"Baseless Hatred" and Forgiveness
The first century was a volatile time for the nation of Israel. Rome was hated. Religious institutions had been corrupted. The ordinary people suffered injustices of many kinds.
Jesus came on the scene c.a. 30 AD with a message of forgiveness. Jesus' message is that the path forward to peace is through forgiveness, not violence or hatred of one another (think Zealots).
Jesus' message was that "a house divided cannot stand" (Matt. 12:25). One must be able to forgive their brother/sister for any upset that has been caused.
Even more than forgiving your fellow Israelite, you must also choose to forgive your enemy and those who persecute you.
This was a hard message to accept. In fact, they rejected it.
"The Burnt House" museum in the Jewish Quarter of Jerusalem.
This house was burned by the Roman army in 70 AD.
Over the next forty years, the violence towards and hatred of one another increased in Israel.
In 66 AD. Rome put it's boot down, and a war began. By 70 AD, Jerusalem was under siege. Eventually, under the command of Titus, the Roman army destroyed both God's Temple and the city of Jerusalem.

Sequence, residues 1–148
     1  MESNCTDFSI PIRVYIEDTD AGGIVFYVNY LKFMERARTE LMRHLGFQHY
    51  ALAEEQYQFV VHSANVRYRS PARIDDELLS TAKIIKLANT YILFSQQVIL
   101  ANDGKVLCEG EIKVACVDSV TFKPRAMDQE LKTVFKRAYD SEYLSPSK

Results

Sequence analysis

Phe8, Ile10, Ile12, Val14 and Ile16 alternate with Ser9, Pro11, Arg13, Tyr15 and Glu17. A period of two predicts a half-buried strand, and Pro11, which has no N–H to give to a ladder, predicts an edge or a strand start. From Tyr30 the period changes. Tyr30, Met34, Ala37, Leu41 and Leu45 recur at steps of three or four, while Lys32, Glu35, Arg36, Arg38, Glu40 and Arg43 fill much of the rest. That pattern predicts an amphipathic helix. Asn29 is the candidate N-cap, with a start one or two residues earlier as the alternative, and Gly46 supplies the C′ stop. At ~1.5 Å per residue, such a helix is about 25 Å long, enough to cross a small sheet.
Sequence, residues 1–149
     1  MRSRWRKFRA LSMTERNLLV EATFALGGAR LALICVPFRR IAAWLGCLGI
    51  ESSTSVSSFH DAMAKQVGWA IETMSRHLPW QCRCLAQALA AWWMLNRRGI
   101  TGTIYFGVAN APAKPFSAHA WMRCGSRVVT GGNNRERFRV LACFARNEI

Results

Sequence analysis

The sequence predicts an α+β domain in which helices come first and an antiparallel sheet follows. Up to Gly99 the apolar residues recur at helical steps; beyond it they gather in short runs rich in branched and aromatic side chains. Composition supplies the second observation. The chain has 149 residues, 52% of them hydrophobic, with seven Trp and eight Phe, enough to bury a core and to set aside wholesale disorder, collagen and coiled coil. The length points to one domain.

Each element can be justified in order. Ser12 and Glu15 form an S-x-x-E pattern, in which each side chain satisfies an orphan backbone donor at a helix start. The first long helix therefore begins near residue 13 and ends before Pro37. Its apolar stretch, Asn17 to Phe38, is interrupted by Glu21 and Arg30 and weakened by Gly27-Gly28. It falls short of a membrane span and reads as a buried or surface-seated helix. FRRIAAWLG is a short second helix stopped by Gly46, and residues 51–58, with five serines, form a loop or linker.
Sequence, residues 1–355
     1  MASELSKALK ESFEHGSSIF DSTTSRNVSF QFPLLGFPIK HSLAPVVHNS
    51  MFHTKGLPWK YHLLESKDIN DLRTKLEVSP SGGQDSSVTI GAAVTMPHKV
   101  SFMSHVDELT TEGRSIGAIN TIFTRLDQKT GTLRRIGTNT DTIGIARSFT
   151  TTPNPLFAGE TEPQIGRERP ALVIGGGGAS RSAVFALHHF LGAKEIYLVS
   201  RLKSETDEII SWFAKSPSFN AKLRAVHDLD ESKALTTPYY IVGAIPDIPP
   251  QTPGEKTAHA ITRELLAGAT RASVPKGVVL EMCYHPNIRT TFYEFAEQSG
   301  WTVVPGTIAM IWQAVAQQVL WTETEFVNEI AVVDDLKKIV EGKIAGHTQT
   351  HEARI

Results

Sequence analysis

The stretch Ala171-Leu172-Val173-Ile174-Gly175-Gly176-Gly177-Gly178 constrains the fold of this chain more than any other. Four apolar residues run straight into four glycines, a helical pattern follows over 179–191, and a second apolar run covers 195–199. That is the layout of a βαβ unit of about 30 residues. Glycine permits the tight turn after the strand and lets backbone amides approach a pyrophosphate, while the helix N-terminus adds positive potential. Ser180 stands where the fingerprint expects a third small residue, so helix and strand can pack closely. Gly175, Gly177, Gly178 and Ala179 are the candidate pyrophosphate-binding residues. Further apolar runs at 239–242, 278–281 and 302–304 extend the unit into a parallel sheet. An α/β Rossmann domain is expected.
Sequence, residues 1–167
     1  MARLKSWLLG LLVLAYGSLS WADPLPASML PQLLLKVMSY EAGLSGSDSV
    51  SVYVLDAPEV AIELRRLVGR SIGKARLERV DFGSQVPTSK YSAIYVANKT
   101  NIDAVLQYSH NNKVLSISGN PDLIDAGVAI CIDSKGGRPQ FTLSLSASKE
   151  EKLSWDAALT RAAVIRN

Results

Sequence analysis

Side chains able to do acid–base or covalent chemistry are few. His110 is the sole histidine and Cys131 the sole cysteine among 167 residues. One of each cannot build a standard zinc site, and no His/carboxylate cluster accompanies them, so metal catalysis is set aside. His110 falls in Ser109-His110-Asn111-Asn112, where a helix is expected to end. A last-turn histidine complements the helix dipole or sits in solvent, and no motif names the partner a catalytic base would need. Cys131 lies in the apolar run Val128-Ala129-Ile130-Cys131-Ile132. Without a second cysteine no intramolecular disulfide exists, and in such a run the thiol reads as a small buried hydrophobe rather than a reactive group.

As the Rabbi's reflected back on this period and how God's house could be destroyed a second time, the answer they arrived at was "baseless hatred."
"Baseless hatred" - they hated each other for no reason.
Join us in this lesson as we compare Jesus' message of forgiveness with the idea of "Baseless Hatred."
One can' help but recognize the similarities to the times in which we live today.
To help you with your studies see the lesson plan below:
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Scott Broberg - I have a Masters of Divinity (MDiv) from Bethel Seminary - San Diego - Biblical Studies with and emphasis on the Old Testament.
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